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June 29, 2011

Perfluorochemicals Linked With Impulsivity

Industrial Pollutants: Scientists find that high blood levels correlate with a core feature of attention deficit hyperactivity disorder

Charlie Schmidt

 Chemical Triggers? Ubiquitous in commercial products, perfluorochemicals may set the stage for attention issues in children. Shutterstock
Chemical Triggers? Ubiquitous in commercial products, perfluorochemicals may set the stage for attention issues in children.
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Children’s exposure to a growing list of industrial chemicals, including certain pesticides and phthalates, has been linked to development of attention deficit hyperactivity disorder (ADHD). Now evidence suggests that perfluorinated chemicals (PFCs) boost ADHD risks by making children prone to impulsive behavior (Environ. Sci. Technol., DOI: 10.1021/es103712g).

Used since the 1950s to make Teflon and many other stain- and water-repellent products, PFCs are now global contaminants. Scientists had already associated elevated PFCs with neurological problems, such as delayed gross motor development. A study published in December found tantalizing links between blood PFC levels and diagnoses of ADHD (Environ. Health Perspect., DOI: 10.1289/ehp.1001898). Brooks Gump, a psychologist at Syracuse University, wanted to go one step further: He and his colleagues were interested in how the chemicals might affect impulsivity, a core ADHD feature. Impulsivity has cascading effects on so-called “executive functions,” such as planning, verbal regulation, and motor control. ADHD is a complex and multi-faceted diagnosis, Gump notes, that results from deficits in executive functioning. By identifying any influence that PFCs have on impulsivity, Gump hoped to connect the dots between chemical exposure, nervous system effects, and processes leading to ADHD.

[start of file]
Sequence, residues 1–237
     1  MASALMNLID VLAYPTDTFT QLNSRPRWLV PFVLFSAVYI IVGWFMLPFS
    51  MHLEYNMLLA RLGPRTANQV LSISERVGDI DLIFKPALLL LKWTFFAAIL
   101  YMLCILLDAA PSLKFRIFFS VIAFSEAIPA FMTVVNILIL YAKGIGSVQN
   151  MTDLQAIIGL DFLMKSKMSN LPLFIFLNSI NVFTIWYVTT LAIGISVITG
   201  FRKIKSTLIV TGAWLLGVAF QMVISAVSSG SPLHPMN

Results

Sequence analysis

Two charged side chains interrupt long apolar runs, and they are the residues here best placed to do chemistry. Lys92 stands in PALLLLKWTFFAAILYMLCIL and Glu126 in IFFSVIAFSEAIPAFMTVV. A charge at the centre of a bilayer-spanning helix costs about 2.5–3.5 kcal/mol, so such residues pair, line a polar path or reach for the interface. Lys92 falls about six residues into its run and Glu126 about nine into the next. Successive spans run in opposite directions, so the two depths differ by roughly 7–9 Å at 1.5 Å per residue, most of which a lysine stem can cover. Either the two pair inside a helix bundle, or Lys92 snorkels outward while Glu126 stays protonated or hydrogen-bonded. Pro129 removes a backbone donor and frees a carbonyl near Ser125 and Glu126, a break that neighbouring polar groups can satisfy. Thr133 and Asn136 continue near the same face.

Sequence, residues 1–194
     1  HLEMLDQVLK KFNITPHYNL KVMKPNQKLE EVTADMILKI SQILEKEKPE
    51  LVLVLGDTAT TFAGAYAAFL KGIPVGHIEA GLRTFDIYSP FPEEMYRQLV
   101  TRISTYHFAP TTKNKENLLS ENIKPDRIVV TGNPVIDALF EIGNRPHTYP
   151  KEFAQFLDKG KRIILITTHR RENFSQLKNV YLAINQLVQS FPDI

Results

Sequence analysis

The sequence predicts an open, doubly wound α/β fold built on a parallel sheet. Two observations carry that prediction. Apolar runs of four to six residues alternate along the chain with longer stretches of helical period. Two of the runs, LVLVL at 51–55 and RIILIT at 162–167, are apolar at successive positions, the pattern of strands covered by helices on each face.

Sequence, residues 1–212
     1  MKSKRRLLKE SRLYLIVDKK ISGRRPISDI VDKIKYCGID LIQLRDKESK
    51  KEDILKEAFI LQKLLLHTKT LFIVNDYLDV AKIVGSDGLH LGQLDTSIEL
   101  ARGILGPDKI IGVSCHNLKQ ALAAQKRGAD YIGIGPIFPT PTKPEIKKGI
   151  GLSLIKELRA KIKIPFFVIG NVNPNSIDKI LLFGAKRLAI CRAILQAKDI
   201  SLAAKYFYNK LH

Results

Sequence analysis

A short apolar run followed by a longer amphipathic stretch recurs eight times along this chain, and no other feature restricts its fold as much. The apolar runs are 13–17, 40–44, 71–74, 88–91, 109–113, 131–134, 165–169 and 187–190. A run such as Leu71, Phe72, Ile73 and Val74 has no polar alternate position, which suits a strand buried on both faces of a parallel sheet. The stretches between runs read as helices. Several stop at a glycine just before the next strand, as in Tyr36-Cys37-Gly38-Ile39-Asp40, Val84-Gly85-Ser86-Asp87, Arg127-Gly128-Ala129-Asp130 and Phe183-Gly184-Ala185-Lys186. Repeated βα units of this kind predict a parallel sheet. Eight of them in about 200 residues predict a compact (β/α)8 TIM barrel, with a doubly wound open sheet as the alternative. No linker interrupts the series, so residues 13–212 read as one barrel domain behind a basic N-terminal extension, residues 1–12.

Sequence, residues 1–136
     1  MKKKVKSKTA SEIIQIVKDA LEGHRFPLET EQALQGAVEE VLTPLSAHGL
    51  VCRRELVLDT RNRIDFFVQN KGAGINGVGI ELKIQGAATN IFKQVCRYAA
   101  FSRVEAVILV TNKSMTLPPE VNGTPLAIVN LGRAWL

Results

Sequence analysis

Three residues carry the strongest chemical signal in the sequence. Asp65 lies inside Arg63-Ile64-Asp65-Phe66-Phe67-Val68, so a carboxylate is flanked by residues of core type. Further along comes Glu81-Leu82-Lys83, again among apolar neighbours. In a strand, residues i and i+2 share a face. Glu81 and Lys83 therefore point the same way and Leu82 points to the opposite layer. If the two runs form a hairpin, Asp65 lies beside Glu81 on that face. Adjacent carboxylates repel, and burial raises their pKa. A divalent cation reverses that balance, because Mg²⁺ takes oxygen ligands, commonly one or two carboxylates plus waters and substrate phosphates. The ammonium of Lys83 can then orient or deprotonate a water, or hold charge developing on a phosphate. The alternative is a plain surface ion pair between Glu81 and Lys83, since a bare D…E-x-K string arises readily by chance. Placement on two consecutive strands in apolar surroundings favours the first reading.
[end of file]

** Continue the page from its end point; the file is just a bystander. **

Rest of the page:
In the study, Gump’s team asked 83 children ranging from nine to 11 years old to learn and play a computer game without any outside instruction. The game had only one rule: Players must wait at least 20 seconds after pressing a keyboard’s space bar before doing it again. Patient children received a 25-cent reward for each time they hit the space key; more impulsive children who pressed the bar too fast received no reward. “This test measures a child’s ability to put the brakes on responding,” explains Gump. “And measures of response inhibition are directly related to impulsivity.”

The researchers also measured PFC levels in the children’s blood using high-performance liquid chromatography/electrospray tandem mass spectrometry. They found that as blood levels went up, the children waited less between button presses. According to Gump, the results hint that PFC levels influence impulsivity. But he cautions that cause and effect are unclear: Children who are more impulsive to begin with may spend more time licking and chewing commercial products, giving them higher exposure to PFCs. “We need to figure out what direction this association goes in,” Gump says, “because if PFCs really do influence impulsivity, then this is an important public health finding.” He noted that every child in the study had PFCs in their blood.

Margie Peden-Adams, a toxicologist at the University of Nevada, Las Vegas, commented that Gump’s results were compelling and agreed that teasing out causation is an important next step. She thinks that the next step would be a prospective study that starts by measuring PFC levels in cord and mothers’ blood. “Then we can follow these kids over time, find out who develops ADHD, and link that back to blood measures in kids that go all the way back to prenatal exposure,” she says.

Chemical & Engineering News
ISSN 0009-2347
Copyright © 2011 American Chemical Society
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